Seveneves- Neal Stephenson

I really wanted to be able to get further into this book – it starts in the present day, but then goes to a far flung future, where humans long ago left Earth and have evolved into several new races. I suspect I’ll enjoy that part. But I can’t get through the beginning. It’s too close to present day (it’s just old enough that it’s not perfect – social media is still mainly Facebook), but it’s close enough that I can’t do the post-apocalyptic bit right now. I’ll put it away. I might be able to come back to it when it’s aged a bit more.

The Girl with No Face – M. H. Boroson

Xian Li-Lin is a Daoist priestess in 19th century San Francisco. After the events of the first book of this series, Li-Lin has left her father’s temple after he disowned her, but she still tends to the dead. Which is why she’s brought the body of a young girl who was killed by a plant growing out of her.

I really enjoy these books – it’s nice to see a non-Western mythological background explored, and having it set in such an interesting period of San Francisco’s history is an added bonus. I really don’t know how accurate these stories are to the traditions they draw from, but they definitely make for great story telling.

I’m interesting to see where this goes next – Li-Lin’s relationship with her father definitely has room to grow, and there are several side characters I’m interested to know more about.

Komarr – Lois McMaster Bujold

I’ve got the BF reading the early Cordelia and Miles books, which made me realize I’ve been hoarding a few of the other books in the series in my TBR pile (a habit I really need to shake).     So I picked one up, and enjoyed the heck out of it, as I always do.

Miles is older now, forced out of the military due to injuries (I mean, he did actually die).     So the emperor has made him one of his auditors, a small group answerable only to Gregor himself.    Miles is the youngest, and this book is his first big job.     He and another auditor are sent to Komarr, the planet next to the only wormhole with access to Barrayar (the empire’s home planet).     Vorthys, the other auditor, has a niece there, who’s married to one of the administrators of the terraforming project.    Since this series was written jumping around in Mile’s life, I don’t think I’m spoiling anything by saying that this is our introduction to Ekatrin, Mile’s wife, and she is every bit as awesome as you know she should be to end up marrying Miles.

This is a pretty good political story – Komarr has a very uneasy relationship with Barrayar, and the case that’s brought the two auditors there ends up being very interesting indeed, with a couple great twists at the end.    I love Bujold’s work!

Briarheart – Mercedes Lackey

This is a sweet take on Sleeping Beauty. Miriam is the king’s stepdaughter, the only child of the King’s Champion, who tragically died in battle. After this, his widow marries the king. (Don’t worry- it’s not an evil step parent situation – the king is very fond of Miriam, and treats her like his own daughter.) So when the king and queen have their own child, Miriam is just as besotted with little princess Aurora as everyone else.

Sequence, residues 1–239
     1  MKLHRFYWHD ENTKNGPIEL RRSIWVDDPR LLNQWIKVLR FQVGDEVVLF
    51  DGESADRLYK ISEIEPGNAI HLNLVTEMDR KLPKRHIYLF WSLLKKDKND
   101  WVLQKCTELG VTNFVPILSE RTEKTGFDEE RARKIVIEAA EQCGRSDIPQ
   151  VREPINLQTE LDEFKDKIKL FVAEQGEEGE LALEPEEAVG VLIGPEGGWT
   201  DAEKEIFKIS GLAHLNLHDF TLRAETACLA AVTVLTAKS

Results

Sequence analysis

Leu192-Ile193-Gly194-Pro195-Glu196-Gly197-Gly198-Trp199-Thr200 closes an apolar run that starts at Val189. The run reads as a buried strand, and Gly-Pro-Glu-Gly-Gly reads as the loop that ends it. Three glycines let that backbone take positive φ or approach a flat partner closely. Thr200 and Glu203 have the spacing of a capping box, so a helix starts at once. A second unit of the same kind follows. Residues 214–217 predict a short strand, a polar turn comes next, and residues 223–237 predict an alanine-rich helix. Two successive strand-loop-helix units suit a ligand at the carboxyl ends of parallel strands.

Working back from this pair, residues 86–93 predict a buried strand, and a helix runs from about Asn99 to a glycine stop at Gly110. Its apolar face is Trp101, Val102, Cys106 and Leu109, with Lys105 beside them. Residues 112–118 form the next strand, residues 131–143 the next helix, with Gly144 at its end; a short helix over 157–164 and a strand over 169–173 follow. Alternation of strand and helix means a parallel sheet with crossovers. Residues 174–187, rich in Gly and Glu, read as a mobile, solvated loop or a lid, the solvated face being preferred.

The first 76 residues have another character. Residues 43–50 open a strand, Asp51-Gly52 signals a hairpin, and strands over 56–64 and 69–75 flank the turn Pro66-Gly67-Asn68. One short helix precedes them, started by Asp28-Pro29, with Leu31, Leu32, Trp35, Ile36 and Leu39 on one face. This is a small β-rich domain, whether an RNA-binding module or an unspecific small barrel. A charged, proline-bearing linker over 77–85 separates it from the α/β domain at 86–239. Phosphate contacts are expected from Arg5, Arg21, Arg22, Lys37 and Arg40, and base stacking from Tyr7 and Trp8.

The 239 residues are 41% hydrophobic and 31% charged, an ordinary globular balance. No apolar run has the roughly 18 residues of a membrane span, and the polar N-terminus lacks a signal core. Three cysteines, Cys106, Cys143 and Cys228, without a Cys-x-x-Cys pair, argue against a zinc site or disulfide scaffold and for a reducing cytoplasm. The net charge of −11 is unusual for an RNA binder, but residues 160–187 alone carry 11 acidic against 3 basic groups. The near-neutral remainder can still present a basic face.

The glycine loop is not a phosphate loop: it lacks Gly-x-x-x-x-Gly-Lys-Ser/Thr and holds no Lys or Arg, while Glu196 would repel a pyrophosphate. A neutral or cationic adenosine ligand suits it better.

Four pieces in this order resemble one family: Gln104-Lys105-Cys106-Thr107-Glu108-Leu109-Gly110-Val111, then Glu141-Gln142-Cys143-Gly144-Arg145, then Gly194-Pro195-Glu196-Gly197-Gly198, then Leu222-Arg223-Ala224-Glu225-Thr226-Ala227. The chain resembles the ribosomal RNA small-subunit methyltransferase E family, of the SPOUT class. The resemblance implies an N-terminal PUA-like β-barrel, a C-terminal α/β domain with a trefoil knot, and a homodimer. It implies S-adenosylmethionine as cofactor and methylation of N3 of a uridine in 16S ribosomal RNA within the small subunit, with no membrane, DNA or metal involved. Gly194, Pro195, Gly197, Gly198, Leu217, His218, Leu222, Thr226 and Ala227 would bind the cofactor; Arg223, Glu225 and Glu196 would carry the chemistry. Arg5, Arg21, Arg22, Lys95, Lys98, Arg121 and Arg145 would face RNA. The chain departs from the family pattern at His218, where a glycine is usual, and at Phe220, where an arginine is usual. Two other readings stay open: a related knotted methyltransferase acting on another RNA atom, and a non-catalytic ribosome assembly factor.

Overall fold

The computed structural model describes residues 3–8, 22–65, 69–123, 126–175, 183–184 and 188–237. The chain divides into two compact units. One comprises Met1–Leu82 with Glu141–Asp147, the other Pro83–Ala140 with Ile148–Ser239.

The kingdom is well familiar with planning christenings and other important events for their royal family. It’s very important to invite all the local Dark Fae so they have no excuse to curse anyone. Aurora’s christening is going along swimmingly until a Dark Fae woman no one recognizes shows up, and attempts to curse the little princess. Until Miriam stands in the way, and manages to kill the Dark Fae woman.

Turns out Miriam’s father may have had Fae blood, and she’s got some touch of Fae magic. So she decides to train to be her sister’s protector. This story takes place entirely while Aurora is still a baby, so it’s really about Miriam, and growing up, and learning to make good decisions. I really enjoyed it.

Sweep of the Heart – Ilona Andrews

I don’t often pay full price for ebooks, but when this one first came up available for preorder, I jumped on it. This is one of my favorite series going at the moment.

Dina and Sean agree to hold what amounts to the royal version of the Bachelor at their inn, after Sean’s mentor Wilmos is kidnapped. The Sovereign will allow them to use the one gate that leads to where Wilmos was taken, so they really have no choice.

Turns out, this Sovereign is their permanent guest Caldenia’s nephew, the son of the brother she killed, that turned her into an exile. I was so happy to get more of Caldenia’s backstory.

I also really enjoyed watching Dina and Sean’s relationship evolving – they’re both very powerful in their own ways, ways which could implode a relationship, but they’re making it work.

And the end!

All in all, this was another very enjoyable book – I’m just sorry I have to wait for more!

Come Tumbling Down – Seanan McGuire

This outing in the Wayward Children stories sees an ending of sorts to the story of Jack and Jill – the twins who had found their way to the Moors. Jack had had to sacrifice Jill to get them back to the Moors, but all was not lost, because Jack’s mentor on the Moors can restore life. So when Jack returns to the school, in Jill’s body, her friends journey back with her to save the Moors from Jill.

I enjoyed this story, but I’ll admit, I didn’t necessarily need to see more of what happens to the twins – their story is so macabre that I don’t want to know there’s what seems to be a definite end to it. I do hope the author brings us some more stories of the other students we haven’t covered yet in the books I have not read yet.